Basic Bowling Drills for Aspiring Cricketers

Basic Bowling Drills for Aspiring Cricketers

Playing Cricket in our gullies, neighborhood grounds, and schools is a part of Indian culture; our childhood is half-done without those memories. However, when contemplating a career in professional Cricket, following the right techniques is necessary. With the growing competition, learning skills that will give you a chance to stand out among the hundreds of thousands of other cricketers on the pitch are the need of the hour. 

We’re going to talk about Bowling Techniques that are a must for cricketers in the initial phase of their career. But first, let’s explore the different types of bowling styles:

1. Pace Bowlers – Pace bowlers or fast bowlers use speed to their advantage against the batsmen on the field. These bowlers are further categorized based on their speed.  Under Pace Bowlers, we have Swing Bowlers, who use the ball’s seam to make it follow a curved trajectory.

Credits: Ben Williams – My Cricket Coach on Youtube


2. Spin Bowlers – Spin bowlers bestow rotation to the ball and use it against the batsmen. Again, we can classify them into two broad categories: wrist spin and finger spin. Wrist spin bowlers use their wrists to turn to the ball, and finger spin bowlers use their fingers. 

Credits: Sports And Outdoors on Youtube


3. Slow Seam Bowlers – These bowlers bowl at the speed of a spinner without turning the bowl. They usually bring variations in their bowling style and length to keep the batsmen on their toes.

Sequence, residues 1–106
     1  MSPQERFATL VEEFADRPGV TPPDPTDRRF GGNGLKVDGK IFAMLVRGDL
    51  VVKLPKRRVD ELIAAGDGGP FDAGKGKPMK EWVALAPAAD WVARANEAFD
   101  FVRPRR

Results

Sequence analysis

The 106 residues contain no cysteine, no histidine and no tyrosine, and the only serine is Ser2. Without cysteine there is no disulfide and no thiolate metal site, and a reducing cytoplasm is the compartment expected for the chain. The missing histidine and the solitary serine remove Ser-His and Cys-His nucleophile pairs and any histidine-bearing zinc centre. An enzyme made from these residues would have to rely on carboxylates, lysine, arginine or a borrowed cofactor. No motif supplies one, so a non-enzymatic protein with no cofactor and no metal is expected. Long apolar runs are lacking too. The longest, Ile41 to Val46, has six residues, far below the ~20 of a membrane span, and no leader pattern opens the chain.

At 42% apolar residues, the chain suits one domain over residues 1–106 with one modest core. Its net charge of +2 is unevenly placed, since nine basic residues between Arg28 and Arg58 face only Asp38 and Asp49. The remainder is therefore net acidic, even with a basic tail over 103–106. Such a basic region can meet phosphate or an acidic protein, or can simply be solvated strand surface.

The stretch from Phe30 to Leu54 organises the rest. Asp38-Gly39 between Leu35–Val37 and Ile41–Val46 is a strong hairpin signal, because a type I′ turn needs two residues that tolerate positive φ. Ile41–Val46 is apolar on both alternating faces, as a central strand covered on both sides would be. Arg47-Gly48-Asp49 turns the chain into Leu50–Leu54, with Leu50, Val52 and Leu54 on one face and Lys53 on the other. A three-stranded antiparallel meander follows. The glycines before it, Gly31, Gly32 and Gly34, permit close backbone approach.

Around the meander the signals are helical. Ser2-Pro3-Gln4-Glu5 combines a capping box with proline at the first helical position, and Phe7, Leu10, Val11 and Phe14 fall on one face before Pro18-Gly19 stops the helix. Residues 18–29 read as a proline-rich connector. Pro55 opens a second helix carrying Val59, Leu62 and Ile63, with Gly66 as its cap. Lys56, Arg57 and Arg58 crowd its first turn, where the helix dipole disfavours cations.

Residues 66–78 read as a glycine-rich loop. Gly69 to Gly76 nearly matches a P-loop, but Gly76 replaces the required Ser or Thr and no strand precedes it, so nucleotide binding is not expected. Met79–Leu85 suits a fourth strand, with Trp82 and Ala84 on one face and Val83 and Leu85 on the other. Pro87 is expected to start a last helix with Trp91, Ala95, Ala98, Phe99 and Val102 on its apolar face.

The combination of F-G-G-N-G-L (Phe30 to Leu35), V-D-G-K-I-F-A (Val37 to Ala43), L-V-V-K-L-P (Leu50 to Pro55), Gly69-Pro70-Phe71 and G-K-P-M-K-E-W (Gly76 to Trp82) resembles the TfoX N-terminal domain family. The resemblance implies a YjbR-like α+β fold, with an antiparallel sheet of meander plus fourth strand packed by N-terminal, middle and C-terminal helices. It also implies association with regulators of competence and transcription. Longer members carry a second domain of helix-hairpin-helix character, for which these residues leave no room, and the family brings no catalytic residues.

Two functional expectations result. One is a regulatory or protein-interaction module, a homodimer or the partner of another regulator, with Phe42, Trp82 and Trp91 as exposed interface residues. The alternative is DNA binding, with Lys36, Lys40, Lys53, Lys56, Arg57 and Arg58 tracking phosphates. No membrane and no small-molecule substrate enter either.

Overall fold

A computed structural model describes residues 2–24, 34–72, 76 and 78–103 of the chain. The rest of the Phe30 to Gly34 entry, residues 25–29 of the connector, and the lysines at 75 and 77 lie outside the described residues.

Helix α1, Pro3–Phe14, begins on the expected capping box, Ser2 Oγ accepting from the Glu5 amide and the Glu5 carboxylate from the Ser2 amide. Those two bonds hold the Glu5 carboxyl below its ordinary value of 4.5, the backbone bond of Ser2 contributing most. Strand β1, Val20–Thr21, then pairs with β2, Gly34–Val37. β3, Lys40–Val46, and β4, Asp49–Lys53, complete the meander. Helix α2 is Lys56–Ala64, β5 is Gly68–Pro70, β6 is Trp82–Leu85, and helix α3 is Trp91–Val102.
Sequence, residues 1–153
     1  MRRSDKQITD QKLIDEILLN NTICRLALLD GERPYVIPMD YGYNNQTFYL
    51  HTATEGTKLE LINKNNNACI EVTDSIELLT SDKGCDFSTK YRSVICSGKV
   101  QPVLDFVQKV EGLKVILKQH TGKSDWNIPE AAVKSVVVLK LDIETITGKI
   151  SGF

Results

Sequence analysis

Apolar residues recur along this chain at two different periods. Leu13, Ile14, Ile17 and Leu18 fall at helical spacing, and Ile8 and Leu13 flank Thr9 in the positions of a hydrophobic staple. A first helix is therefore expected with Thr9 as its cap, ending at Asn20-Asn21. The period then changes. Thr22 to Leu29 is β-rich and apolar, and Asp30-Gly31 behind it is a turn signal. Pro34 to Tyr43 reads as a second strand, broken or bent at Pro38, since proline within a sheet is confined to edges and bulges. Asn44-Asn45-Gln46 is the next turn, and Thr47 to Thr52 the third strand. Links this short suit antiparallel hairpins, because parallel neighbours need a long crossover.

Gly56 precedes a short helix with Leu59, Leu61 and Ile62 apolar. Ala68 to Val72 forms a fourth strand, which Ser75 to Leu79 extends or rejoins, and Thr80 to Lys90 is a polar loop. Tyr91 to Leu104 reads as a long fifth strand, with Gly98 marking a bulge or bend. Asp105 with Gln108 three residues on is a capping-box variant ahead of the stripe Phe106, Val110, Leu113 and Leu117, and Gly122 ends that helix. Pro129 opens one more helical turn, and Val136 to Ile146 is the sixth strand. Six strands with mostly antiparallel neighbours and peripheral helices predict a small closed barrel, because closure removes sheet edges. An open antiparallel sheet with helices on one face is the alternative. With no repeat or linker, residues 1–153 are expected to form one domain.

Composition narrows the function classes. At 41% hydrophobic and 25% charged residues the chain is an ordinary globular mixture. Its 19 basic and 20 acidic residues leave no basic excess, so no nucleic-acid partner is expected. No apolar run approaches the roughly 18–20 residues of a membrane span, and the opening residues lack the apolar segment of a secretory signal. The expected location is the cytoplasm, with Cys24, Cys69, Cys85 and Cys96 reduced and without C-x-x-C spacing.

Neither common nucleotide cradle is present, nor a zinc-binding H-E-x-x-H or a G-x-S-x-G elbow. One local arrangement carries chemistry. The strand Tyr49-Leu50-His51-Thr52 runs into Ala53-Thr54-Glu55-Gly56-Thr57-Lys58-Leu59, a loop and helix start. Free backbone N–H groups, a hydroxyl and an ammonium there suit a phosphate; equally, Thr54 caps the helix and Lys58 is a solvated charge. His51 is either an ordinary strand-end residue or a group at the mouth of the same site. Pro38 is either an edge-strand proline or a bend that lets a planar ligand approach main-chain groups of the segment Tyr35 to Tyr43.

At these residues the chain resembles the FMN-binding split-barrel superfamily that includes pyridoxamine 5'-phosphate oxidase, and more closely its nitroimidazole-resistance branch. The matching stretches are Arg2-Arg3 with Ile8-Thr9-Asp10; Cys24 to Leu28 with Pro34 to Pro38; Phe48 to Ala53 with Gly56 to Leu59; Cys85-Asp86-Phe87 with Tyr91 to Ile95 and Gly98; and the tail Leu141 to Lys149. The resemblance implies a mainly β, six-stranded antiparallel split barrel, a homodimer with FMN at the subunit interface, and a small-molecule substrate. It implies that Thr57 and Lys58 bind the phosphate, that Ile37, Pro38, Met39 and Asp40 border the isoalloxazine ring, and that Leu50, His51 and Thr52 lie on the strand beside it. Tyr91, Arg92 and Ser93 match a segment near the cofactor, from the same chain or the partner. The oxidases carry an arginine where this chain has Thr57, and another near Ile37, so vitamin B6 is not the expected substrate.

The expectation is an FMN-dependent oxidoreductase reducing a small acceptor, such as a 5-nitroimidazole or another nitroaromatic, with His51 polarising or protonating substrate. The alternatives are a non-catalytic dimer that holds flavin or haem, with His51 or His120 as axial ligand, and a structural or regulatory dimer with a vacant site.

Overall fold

Credits: weCricket on Youtube


Here is a list of drills that, if done regularly, can drastically improve your game:

– Practice the Basic Action

Holding the right posture while bowling is essential as it can aid your accuracy and improve balance on the pitch. 

  • Approach and Bound: Follow a normal running pattern, arms close to the body, and hands above the waist. Jump off the left foot in case you’re a right-arm bowler and vice-versa. 
  • Back-Foot Landing: Keep your hips and shoulders at 90 degrees to the back-foot landing position while the body remains upright and eyes fixed on the target. 
  • Front-Foot Landing: The front foot steadies and supports to strengthen the shoulder rotation. The front foot points down the pitch for both the front-on and semi-front on actions, while at landing with the side-on action, it points towards fine-leg.
  • Release: Release the ball at the peak of your bowling trajectory. The front elbow drives into the front hip, and the front arm remains still at release. Ensure that the seam is vertical; keep the head still with the eyes fixed on the target.

– Target Practice

Nothing is better than the good old’ target practice. Bowling well means being able to hit the right spot with accuracy, that is, the stumps. It is a simple drill that requires you to bowl without a batsman on the pitch. You can follow this simple routine for any form of delivery:

  • Aiming at the top of the stumps, aka the bails 
  • Fourth-fifth stump line – aiming right outside the off stump